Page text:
Maddie: I’m going to disagree with Ree on this one. Big Bang wasn’t incredibly popular initially but their reception was a fairly good one for a debuting group considering their first single sold 40,000 copies. Also, one can’t really place a debuting group alongside a group that has already established themselves. Big Bang debuted in 2006 (three years after DBSK and a year after Super Junior), out of the seven groups that debuted within that same year 3 have disbanded; Big Bang is one of the four left. BB’s debut was a reasonable one aided by their first performance being at a YG Family concert and their documentary show, but their present success as a group is mainly owed to their backgrounds in the entertainment industry prior to being signed and lengthy training periods, along with their individual talents and unique sound:
- G-Dragon (signed to YG at 12) had been in the entertainment industry since the age of 8 as a member of Little Roora.
- T.O.P. was an underground rapper and childhood friends with G-Dragon.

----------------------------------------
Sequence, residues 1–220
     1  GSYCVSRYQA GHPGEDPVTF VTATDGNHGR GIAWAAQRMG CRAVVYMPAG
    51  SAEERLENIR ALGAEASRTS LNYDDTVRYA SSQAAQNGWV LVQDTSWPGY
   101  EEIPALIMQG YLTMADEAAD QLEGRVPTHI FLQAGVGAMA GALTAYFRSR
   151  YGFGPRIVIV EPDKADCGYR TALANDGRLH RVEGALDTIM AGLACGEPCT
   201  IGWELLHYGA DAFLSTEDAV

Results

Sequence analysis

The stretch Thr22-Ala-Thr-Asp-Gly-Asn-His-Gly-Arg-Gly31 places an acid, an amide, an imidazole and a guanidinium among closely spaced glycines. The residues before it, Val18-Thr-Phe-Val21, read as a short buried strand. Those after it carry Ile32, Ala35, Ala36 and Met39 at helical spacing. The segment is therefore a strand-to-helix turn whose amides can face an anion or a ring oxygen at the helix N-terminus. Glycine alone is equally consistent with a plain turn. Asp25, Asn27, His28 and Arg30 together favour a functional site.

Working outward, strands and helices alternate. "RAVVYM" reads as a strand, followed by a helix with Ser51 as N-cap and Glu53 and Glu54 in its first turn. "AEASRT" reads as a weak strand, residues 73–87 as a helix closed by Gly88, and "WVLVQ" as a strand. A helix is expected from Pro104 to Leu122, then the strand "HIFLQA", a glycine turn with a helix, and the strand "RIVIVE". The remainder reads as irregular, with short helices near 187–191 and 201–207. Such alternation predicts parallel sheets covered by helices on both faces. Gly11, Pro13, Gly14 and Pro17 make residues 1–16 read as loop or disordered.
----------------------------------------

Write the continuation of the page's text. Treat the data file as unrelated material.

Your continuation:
- Taeyang (signed to YG at 12) first appeared was in 2001 alongside Maddie for YG rapper Jinusean’s MV “A-yo” when he was 13. If you haven’t checked out the MV, do so. He’s the tiny thing in a number 9 Titans Jersey. So cute.
- Daesung began pursing a career as a singer in his early teens, overcoming his father’s opposition to focus on BB.
- Seungri was a member of Il Hwa dance team and first appeared in reality show Let’s Cokeplay: M.Net Battle Shinhwa (2005) in which Shinhwa was attempting to create a boy band that would be second to Shinhwa.
With so many debuts and comebacks, it seems there should be some level of competition but quantity doesn’t necessarily imply quality. G-Dragon and Taeyang went through a six-year training period, which began in their early teens. Their image and sound was unique then and still is now. Not only this, each member has something to bring to the table — be it as a dancer, composer, lyricist, or choreographer. Big Bang is an all around well-formed and talented group.
2. When Big Bang is mentioned, I find that Taeyang is most mentioned, followed by G Dragon-and-T.O.P (both mentioned an equal amount), and then, perhaps, our maknaes. What are the factors, you feel, that have led to Daesung and Seungri being the lesser known members?